Thursday, June 24, 2010
Bird Photography Not So Fast & Easy, Akshully
A snug nest of brown baby birds, probably robins, cuddle together high up in a trident of branches belonging to what you could call either a large bush or a small tree. Devon took my little camera, the only one I would reluctantly let him touch, scrambled up in the neighboring bushes and came back with pictures - and video! - of the darling wee creatures.
Of course the video had a frightening soundtrack of Devon saying, "Here birdie, here birdie birdie," with a terrible sweetness. Run birdie, run!
Anything a little boy can do with a point-and-shoot camera, his mommy with a large zoom lens can do better.
Although I am NOT fat, there is no denying that 4 trips through the pregnancy machine left me with a few, a very very very few more pounds than I had before. They accompanied me up the feeble branches toward the Nest of Destiny. They weighed down the feeble branches so I could just barely peek along level with the top of the Nest of Destiny. Clearly my dumb old bent perch was not going to serve my needs.
Now, it is very hard, even for a Long John Sliver like Devon to walk and squeeze along through our foresty thicket, so it seemed much more logical to try and make my way through the bush-tops till I got to a better branch. Luckily I had a good handhold when I came to that conclusion.
There I hung, suspended between earth and sky, holding fast to those branches while one foot dangled a couple feet off the ground and the other hooked acrobatically across a chest-level branch. No matter how much wiggling and squirming I did, I couldn't touch the ground or free my other leg whilst holding onto those nice, firm branches.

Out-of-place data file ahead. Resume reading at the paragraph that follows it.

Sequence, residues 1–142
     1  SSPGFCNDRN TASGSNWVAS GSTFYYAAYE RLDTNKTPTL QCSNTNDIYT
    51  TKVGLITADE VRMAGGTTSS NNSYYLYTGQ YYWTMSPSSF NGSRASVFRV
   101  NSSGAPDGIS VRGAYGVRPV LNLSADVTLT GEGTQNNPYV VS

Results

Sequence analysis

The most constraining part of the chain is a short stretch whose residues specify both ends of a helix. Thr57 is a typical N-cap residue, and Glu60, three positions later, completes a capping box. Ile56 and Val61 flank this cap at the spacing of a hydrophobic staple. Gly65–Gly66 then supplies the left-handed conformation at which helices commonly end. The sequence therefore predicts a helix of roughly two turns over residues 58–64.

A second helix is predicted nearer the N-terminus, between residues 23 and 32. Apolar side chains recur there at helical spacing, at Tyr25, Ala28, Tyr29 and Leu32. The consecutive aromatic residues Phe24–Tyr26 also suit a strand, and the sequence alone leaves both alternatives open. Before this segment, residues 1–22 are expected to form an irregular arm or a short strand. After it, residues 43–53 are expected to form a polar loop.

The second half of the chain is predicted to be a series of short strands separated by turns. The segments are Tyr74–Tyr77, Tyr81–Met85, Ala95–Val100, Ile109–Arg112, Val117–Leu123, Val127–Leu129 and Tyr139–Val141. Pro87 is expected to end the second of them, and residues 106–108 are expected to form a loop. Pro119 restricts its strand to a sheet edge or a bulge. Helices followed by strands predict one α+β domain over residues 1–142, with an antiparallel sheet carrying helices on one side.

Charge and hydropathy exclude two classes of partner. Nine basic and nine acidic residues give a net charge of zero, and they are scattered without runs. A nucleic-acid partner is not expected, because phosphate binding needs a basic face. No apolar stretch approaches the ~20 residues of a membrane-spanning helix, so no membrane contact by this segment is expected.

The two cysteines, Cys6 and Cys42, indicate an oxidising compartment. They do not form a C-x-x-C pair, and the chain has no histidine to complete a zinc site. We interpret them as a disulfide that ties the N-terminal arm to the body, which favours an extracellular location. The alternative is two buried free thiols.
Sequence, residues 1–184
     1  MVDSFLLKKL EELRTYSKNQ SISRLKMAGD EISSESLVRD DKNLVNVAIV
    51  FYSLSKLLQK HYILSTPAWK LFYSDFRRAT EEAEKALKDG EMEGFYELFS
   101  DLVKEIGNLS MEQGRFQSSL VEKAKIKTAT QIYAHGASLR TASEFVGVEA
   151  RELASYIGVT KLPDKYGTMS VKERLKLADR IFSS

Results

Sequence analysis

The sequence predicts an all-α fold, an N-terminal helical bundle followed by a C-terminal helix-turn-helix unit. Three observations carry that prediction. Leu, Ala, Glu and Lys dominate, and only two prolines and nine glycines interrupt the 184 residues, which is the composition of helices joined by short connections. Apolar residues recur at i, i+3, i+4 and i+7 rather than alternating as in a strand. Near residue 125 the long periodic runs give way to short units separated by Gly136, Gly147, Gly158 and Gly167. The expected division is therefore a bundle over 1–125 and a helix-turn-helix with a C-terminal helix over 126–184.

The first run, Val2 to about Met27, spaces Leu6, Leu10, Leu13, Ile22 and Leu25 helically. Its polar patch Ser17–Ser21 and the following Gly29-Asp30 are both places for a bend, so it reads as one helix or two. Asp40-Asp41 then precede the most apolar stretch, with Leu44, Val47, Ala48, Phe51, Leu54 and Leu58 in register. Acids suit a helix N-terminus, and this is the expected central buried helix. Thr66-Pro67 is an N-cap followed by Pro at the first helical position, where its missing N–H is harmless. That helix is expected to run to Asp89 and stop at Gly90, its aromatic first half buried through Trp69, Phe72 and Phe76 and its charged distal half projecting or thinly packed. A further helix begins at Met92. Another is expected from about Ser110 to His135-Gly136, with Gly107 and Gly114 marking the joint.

After a long, thoughtful pause, there were really no options but to let go, carefully so as to avoid smashing my camera. My foot touched the ground, barely, and the other leg...let's just say it was even higher. Good thing I'm so flexible, since if I wasn't before, I sure was after.
The new position was truly an improvement, though it brought with it a whole new set of challenges. How to lower my knee below ear level on one side, how to remove the large stick from my ear on the other side, and which order to do them.
Being rather like Billy and the Bees, I still had to try the other set of branches, only climbing up from the ground instead of mincing nobly across the leafy canopy. And boy, was I too short. I could see the nest, way off above me, with the tip of one tiny beak poking out. Not exactly JJ Audubon fare.
With no handhold, that ignominious descent was even more ungainly than the first. At some expense to all pride and dignity, my beautiful camera was yet again and still undamaged. As I hung there in the bushes (or small trees) I thought to myself, "How glad I am that no one is here with a camera but me!"
Until the next adventure,